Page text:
True to the genre a dysfunctional cast – Tony Hayward, Barack Obama and Martin Feldman – must coexist in an unlikely situation, promoting themselves while being constantly upstaged by video footage from robots 5,000 feet (1,500 m) below sea level. Watch as they try to cope with reality, each other, and their investment portfolios! Squirm as they star in their own tragedy! Gasp as Hayward, left, reassures you that there’s nothing toxic about the dispersal chemicals!
Want drama? The Gulf of Mexico is becoming toxic, poisoned by both the crude oil surging out of BP’s ruptured well and the million-plus gallons of chemical dispersant, Corexit 9500, being dumped on the slick. Oil is making landfall along the area – if whipped up by a hurricane, it would likely be sprayed over communities along that seaboard – and, it is claimed, a mixture of oil and Corexit seems to be raining throughout the region causing widespread crop damage. People helping clear the oil are coming down with a range of symptoms that suggest poisoning, just as they did after the Exxon Valdex cleanup.
How about some tension? The oil is still gushing out, and the poison is still being sprayed. The blowout preventer is widely believed to be on the verge of collapse, and relief wells might be facing an impossible task, depending on what is left of BP’s wellbore – we don’t know much about this, because no-one will tell us. But then, that’s reality TV for you.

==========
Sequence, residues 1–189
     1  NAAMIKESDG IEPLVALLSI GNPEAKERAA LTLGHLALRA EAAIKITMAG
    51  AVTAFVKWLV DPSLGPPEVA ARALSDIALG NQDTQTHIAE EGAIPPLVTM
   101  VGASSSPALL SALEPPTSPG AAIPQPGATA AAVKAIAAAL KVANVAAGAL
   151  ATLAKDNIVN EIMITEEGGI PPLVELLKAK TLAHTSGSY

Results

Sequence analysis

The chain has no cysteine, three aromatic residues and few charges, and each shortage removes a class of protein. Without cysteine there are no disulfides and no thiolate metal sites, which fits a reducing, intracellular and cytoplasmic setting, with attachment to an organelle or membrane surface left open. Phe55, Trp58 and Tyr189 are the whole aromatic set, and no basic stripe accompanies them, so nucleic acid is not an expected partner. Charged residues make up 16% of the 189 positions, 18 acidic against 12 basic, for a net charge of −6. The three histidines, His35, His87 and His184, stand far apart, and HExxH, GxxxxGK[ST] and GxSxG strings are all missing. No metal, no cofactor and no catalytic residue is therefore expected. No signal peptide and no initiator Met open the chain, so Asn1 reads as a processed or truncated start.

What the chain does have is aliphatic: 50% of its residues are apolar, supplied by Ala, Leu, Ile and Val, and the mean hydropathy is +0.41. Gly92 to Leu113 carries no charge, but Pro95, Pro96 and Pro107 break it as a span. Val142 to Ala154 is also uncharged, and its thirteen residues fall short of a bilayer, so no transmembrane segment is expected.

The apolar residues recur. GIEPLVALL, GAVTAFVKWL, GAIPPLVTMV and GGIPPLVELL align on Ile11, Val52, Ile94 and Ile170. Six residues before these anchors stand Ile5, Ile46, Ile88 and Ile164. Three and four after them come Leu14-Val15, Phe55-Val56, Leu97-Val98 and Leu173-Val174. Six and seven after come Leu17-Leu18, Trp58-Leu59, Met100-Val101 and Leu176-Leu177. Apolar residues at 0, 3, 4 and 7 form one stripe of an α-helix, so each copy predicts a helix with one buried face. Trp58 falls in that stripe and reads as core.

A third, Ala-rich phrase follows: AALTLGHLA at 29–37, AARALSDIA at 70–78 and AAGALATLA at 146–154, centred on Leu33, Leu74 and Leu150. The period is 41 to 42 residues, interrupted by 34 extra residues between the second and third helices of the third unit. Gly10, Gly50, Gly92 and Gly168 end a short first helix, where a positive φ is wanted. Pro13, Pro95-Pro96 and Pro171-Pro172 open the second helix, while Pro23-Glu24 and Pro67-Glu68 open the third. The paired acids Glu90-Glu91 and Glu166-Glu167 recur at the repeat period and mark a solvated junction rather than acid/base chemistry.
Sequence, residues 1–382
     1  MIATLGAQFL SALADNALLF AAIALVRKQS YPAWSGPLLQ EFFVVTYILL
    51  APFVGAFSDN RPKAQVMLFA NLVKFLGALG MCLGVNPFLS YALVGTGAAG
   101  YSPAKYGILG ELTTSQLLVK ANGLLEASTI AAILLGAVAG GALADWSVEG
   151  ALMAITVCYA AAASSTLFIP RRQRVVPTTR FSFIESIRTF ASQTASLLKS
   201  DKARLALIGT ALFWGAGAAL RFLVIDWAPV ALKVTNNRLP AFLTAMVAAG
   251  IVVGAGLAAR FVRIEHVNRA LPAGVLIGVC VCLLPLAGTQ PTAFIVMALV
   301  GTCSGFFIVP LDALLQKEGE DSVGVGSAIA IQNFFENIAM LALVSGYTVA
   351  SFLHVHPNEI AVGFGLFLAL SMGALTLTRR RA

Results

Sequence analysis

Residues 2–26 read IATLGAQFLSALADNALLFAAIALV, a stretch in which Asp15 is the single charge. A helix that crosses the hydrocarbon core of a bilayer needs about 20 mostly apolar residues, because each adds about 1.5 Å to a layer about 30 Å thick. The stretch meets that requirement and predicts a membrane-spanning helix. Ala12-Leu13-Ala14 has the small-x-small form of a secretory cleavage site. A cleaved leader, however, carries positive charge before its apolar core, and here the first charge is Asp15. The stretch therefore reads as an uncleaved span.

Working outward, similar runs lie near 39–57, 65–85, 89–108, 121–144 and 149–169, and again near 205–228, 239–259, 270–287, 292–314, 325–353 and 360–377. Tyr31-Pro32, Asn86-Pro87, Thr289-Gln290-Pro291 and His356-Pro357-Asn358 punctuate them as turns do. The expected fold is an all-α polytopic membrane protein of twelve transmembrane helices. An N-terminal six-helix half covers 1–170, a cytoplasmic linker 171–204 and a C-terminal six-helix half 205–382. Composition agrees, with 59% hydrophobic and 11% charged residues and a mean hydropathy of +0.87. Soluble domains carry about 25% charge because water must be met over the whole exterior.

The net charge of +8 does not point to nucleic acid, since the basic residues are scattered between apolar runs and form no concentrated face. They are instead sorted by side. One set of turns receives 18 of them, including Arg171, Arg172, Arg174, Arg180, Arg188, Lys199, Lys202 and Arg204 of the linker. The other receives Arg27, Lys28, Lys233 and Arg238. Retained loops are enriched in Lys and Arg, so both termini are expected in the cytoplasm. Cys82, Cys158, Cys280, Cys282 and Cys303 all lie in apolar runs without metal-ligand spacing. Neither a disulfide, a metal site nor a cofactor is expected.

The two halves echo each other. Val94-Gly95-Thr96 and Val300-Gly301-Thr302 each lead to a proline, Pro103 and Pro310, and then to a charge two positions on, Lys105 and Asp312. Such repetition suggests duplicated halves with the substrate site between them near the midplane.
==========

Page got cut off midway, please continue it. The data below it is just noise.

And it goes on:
But viewers, I’m jumping ahead of myself – let’s go back to the start of this sorry mess.
BP had problems with its Macondo well long before the Gulf disaster, according to documents and emails released by the House Energy and Commerce Committee. As Bloomberg reported, cracks in the well date “as far back as February”:
On Feb. 13, BP told the minerals service it was trying to seal cracks in the
well about 40 miles (64 kilometers) off the Louisiana coast, drilling documents
obtained by Bloomberg show. Investigators are still trying to determine whether
the fissures played a role in the disaster.
The company attempted a “cement squeeze,” which involves pumping cement to seal the fissures, according to a well activity report. Over the following week the company made repeated attempts to plug cracks that were draining expensive drilling fluid, known as “mud,” into the surrounding rocks.